I’m not sure I’ve ever seen anything on Twitter that hits the nail on the head more than this:
The question approaches that of psychopathy or sociopathy in which
People like this [with antisocial personality disorder] have a poor inner sense of right and wrong. They also can’t seem to understand or share another person’s feelings. . . . Someone with this personality type sees others as objects he can use for his own benefit.
Indeed, this is another reason for regarding capitalism as criminal, as this economic ideology inherently reduces some human beings to means to others’ (the rich and powerful) ends. Read more
See updates through December 21, 2020 at end of post.
Over three weeks after the 2020 presidential election (on November 3), Donald Trump continues to allege electoral fraud even as he has failed to muster any evidence whatsoever to support his claims and the courts reject them. He continues to pursue a failing, indeed flailing, and predicted strategy of attempting to subvert the electoral college process. Read more
It’s all getting rather tiresome. When Democrats lose in a presidential race, particularly if they’ve won the popular vote, but not the electoral vote, they blame the electoral college. When Republicans lose, after doing everything they can to disenfranchise voters, they cry fraud. Read more
See update for November 28, 2020 at end of post.
A lot of people actually like capitalism, mainly because they think it can make them rich, and they see ‘freedom’—when you see this word, always, always, always, ask “for whom, to do what, to whom?”—in the power that relative wealth offers them over others. Accordingly, they believe “they should be ‘free’ to exploit workers and the environment for personal gain, externalizing the associated costs, and thus burdening society at large with the costs they incur but should not have to pay for.” Read more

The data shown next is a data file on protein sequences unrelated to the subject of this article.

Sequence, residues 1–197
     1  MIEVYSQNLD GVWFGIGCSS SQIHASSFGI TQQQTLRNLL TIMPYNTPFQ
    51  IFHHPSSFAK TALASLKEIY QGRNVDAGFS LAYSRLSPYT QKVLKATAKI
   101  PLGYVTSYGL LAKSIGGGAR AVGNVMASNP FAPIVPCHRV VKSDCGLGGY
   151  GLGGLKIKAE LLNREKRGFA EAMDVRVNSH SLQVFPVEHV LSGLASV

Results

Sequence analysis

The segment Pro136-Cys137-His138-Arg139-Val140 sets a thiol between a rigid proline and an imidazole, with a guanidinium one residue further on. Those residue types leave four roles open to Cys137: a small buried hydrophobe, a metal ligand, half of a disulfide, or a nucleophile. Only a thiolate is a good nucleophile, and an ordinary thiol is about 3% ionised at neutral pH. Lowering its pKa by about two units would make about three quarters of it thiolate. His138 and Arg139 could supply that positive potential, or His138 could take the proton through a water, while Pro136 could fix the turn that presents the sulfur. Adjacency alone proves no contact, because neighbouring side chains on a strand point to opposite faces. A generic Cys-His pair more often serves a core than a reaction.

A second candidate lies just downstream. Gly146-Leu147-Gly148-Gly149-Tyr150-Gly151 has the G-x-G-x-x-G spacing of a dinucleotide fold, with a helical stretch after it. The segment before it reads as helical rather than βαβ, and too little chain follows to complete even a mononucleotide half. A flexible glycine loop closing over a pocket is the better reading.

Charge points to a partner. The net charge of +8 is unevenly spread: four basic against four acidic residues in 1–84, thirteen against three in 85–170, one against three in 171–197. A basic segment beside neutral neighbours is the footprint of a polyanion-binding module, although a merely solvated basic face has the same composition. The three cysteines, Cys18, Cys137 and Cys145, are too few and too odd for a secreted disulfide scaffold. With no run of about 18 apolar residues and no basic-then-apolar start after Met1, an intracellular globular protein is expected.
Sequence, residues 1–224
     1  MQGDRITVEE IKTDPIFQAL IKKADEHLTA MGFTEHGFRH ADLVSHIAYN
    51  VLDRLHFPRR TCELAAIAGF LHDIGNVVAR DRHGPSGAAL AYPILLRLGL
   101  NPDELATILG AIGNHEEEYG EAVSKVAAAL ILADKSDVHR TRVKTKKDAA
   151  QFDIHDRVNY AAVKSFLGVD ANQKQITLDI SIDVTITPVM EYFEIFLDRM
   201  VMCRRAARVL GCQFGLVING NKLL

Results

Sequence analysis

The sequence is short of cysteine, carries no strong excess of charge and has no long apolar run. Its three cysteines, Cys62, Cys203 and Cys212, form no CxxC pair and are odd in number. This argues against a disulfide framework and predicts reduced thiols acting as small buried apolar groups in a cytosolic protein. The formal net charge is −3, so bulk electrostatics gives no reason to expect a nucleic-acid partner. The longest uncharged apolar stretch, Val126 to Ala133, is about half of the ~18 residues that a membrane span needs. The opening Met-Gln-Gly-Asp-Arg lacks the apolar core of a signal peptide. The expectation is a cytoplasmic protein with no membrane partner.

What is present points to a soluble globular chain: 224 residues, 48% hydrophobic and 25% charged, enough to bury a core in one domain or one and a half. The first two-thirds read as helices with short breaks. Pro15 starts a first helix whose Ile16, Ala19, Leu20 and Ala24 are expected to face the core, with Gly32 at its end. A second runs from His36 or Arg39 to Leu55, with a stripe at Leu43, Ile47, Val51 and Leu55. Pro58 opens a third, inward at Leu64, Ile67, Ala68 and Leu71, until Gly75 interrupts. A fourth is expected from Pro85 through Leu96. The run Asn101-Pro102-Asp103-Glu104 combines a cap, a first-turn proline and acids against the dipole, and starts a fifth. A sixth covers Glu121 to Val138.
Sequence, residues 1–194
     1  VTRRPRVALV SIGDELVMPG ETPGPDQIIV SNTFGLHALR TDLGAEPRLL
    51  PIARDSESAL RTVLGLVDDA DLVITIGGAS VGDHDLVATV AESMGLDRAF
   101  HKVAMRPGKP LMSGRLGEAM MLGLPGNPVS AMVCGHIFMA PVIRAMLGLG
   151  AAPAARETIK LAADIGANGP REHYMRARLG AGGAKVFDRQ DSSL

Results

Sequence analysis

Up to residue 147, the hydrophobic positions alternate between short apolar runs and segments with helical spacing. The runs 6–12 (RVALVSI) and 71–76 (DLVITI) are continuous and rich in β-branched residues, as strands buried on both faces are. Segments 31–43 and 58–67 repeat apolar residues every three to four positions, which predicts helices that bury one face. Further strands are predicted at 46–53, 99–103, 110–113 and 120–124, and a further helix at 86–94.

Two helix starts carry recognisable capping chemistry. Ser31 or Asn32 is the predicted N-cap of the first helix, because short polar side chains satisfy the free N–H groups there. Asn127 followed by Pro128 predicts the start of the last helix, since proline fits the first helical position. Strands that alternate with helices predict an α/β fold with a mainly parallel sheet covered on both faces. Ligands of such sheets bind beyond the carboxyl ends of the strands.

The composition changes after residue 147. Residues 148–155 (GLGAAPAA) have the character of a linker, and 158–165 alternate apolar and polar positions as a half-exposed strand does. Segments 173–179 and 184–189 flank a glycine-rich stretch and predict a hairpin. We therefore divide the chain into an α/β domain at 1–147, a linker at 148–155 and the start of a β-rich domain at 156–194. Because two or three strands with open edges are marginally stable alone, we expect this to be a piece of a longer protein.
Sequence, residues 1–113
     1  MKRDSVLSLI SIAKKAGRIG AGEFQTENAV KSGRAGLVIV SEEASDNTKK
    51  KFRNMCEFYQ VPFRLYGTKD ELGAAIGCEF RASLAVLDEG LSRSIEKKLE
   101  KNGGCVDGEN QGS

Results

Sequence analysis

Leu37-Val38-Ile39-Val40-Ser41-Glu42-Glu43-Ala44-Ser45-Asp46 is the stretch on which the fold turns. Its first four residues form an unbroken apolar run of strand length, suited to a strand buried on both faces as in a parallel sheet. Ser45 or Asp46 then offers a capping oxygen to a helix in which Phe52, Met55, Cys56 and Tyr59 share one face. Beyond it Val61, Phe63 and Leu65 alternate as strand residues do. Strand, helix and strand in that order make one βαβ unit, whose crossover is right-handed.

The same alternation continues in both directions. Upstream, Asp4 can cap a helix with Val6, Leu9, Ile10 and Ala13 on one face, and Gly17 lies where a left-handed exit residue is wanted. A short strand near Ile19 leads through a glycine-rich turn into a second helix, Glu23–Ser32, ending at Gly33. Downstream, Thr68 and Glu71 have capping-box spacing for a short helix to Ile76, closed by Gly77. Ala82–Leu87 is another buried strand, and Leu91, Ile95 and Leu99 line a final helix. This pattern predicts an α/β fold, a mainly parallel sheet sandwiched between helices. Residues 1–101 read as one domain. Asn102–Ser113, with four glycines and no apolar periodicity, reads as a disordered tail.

The U.S. constitutional oligarchy faces a threat that is probably unlike any in history.
First, a bit of background: Any authoritarian system of social organization (yes, this includes the U.S. and most of the world) relies on the acquiescence of the mass population. This ‘legitimacy’ means that the government does not need so often to use force to impose its will. To be clear, the violence remains implicit—indeed, Max Weber noted that sovereignty uniquely enables whoever holds it a ‘legitimate’ use of force—and anarchists accordingly regard such rule as based on violence and illegitimate. Read more
See updates and errata through November 27, 2020, at end of post.
I’m sure somebody out there was hoping that the 2020 election might actually resolve something, you know, like maybe putting Trumpsters in their place, like affirming science, like rejecting hate. Read more
The Democrats don’t care about the poor and, Mike Davis argues in the London Review of Books, it showed up in the election results from, among other places, the Rio Grande Valley of Texas: